The main purpose of food is to nourish the body to keep humans alive. But, the taste experience around the holidays is a flavor festival.
The sense organ of taste is the tongue. The receptors for taste, called taste buds, are sensory cells. Adults have between 2,000 and 4,000 taste buds in total. It’s a papillae palapalooza! Sweet, sour, salty, bitter and savory tastes can be sensed by all parts of the tongue. It’s a saliva celebration! Nerve cells send messages for particular perceptions of flavors on to the brain. It’s a brain bonanza!
However, food is also the star of the show at gatherings, parties, picnics. Traditional, cultural, religious—food serves other purposes as well. Cooking, roasting, frying, grilling, boiling, steaming, baking. Secret recipes passed down through generations.
Close your eyes and imagine the taste of turkey with dressing, pineapple baked ham, mashed potatoes with gravy, fresh-baked bread, pickled eggs, cranberry sauce, pumpkin pie with whipped cream, fruity punch. Savory, yeasty, vinegary, tart, spicy—pleasing to the palate. Tantalizing to the tongue. Merry to the mouth. Delicious. Delectable. Delightful. Add color. Add aroma, texture, temperature. Add mouth movements of sipping, chewing, swallowing. The stomach fills up amid conversation, laughter, and reminiscing. Digestion happens as you move into the living room to drink coffee and swap stories.
Emotions and Taste
“A bitter pill, sour grapes or sweet nothings – descriptions of taste are very often associated with strong emotions. They express in words states of intense pleasure as well as displeasure…Like taste, our sense of smell is also closely linked to our emotions. This is because both senses are connected to the involuntary nervous system. That is why a bad taste or odor can bring about vomiting or nausea. And flavors that are appetizing increase the production of saliva and gastric juices, making them truly mouthwatering,” surmised a 2016 article on Informed Health Online.
Christmas emotions. What feeling is evoked when you see, smell, and taste your mother’s homemade apple or cherry pie? Your brother-in-law’s hash-brown casserole? Your cousin’s corn casserole? Your aunt’s cream cheese pumpkin rolls? Your friend’s caramel cheesecake? Describe the taste: luscious, scrumptious, yummy. Describe the emotions: happy, pleasant, excited.
Mouthfeel: the effect of sensation and texture on the flavor of food. Read the book, Mouthfeel: How Texture Makes Taste (Arts and Traditions of the Table: Perspectives on Culinary History) by authors, Ole Mouritsen and Klavs Styrbaek. “Accepting the mouthfeel is dependent on your expectations and previous experiences. Expectations are also quite dependent on your culture and the way you’re brought up. That’s what makes the whole perception of taste so exciting. It’s not only physiology; it’s just as much your upbringing, culture, tradition, and expectations.”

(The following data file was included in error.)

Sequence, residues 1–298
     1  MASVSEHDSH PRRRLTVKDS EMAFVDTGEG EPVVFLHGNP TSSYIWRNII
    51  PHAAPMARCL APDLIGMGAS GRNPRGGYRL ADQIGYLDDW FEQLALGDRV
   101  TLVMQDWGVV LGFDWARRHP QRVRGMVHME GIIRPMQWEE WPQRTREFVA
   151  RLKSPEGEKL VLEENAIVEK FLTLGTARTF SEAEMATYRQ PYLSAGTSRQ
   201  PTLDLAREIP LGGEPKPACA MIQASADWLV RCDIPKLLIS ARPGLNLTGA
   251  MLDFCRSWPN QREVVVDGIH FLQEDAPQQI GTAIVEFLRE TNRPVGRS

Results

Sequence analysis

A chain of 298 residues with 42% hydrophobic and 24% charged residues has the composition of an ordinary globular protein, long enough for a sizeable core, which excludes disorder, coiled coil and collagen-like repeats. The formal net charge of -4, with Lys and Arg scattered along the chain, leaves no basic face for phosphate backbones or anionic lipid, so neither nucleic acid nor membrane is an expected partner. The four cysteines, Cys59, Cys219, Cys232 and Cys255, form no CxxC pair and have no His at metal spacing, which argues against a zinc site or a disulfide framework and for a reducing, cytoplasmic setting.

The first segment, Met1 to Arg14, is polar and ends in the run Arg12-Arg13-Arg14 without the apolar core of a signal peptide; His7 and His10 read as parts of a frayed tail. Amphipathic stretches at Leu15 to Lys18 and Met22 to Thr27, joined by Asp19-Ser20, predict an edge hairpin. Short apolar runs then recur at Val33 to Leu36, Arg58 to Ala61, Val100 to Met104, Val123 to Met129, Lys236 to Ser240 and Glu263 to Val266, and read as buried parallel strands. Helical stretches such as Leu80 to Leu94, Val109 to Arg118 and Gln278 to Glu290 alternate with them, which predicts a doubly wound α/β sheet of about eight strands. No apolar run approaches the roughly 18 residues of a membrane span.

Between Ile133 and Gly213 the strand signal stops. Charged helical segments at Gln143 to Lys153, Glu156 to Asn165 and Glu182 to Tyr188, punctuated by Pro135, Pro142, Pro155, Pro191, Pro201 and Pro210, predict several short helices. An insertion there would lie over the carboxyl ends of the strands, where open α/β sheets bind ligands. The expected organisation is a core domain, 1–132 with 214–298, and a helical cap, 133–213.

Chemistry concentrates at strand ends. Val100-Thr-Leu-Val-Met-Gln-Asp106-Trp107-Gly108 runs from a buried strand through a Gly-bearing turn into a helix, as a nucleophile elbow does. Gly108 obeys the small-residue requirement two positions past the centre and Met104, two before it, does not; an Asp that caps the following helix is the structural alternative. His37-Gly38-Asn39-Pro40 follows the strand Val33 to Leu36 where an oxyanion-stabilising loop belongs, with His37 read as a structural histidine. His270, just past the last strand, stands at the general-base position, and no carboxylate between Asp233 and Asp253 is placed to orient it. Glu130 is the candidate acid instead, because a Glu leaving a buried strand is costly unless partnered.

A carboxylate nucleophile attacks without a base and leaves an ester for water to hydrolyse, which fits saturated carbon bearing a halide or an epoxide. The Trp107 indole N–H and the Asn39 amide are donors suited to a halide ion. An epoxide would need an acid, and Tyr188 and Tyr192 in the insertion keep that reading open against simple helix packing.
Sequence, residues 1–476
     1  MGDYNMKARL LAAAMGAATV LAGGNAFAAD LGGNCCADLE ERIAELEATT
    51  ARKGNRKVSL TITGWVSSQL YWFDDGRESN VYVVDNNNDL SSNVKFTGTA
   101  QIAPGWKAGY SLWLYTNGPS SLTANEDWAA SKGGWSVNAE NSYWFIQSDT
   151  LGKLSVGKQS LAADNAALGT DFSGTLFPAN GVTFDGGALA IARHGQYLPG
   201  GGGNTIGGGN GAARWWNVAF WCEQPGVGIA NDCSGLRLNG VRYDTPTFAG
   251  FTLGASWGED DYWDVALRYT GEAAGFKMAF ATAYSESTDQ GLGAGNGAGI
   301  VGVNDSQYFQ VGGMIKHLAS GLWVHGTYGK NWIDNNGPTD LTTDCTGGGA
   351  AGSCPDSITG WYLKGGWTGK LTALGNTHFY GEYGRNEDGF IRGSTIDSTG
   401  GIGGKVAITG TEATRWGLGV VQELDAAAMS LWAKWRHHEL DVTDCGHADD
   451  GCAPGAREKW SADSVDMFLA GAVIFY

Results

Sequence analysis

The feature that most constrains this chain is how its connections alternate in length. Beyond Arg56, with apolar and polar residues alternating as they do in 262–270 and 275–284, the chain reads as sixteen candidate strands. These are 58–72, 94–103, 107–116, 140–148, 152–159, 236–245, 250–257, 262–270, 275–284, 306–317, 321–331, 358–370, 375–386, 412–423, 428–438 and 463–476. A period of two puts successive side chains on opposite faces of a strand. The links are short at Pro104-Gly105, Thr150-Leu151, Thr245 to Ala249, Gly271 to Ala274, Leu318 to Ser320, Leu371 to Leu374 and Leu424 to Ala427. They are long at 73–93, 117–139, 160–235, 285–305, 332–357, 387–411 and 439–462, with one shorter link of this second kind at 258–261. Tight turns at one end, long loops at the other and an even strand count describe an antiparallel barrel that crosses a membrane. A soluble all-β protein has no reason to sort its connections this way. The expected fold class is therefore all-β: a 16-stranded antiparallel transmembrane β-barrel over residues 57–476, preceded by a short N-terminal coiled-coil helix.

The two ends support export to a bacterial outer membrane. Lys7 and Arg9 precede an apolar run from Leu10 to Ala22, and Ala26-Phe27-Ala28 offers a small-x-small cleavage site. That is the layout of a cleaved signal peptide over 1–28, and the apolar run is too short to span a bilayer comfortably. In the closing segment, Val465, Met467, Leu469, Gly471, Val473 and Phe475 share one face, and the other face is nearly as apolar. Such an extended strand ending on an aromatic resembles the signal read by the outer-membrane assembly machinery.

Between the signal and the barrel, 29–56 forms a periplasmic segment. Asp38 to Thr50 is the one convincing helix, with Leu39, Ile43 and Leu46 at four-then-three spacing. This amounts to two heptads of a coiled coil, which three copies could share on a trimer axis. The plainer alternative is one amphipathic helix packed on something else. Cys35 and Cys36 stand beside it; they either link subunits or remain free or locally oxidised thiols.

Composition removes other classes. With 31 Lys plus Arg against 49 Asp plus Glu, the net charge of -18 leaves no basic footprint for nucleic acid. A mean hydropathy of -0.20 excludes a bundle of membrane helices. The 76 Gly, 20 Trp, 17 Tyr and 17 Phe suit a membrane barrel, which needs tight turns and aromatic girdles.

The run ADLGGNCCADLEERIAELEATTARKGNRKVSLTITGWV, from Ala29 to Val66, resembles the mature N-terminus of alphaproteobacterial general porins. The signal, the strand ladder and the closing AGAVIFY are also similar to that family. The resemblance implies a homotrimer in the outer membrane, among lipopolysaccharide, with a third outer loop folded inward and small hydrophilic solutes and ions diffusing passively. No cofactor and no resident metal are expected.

Memories and Taste
Can the taste of your favorite holiday food bring up memories of grandma, mom, or other loved ones? The human brain is able to associate the flavor of food to intense emotional memories. And the role of smell in flavor is the reason food has such a strong ability for bringing up memories.
The olfactory bulb is connected to the amygdala, an area involved in creating emotions, as well as the hippocampus, an area involved in creating memories. Emotion and memory connect holiday experiences together.
What’s your favorite holiday food memory? Family, friends, and food are key ingredients. Did you bake cut-out cookies with your siblings? Or participate in eggnog toasts with friends? Do you remember covered dish dinners at your church, temple, or synagogue? Or catered luncheons at office parties?
Close your eyes and imagine the smell of your grandmother’s kitchen on Christmas day. Think about the flavors. Savor the memories of seasonal traditions.
I esteemed Mamaw Hila’s tender turkey, greasy green beans, and buttery mashed potatoes. Sweet memories of my mother Shirley’s rocky road fudge and apple cake.
The holidays mean something different to each of us, but in the kitchen and around the dinner table is where we create some of our most cherished memories.
Melissa Martin, Ph.D., is an author, columnist, educator, and therapist. She lives in Southern Ohio.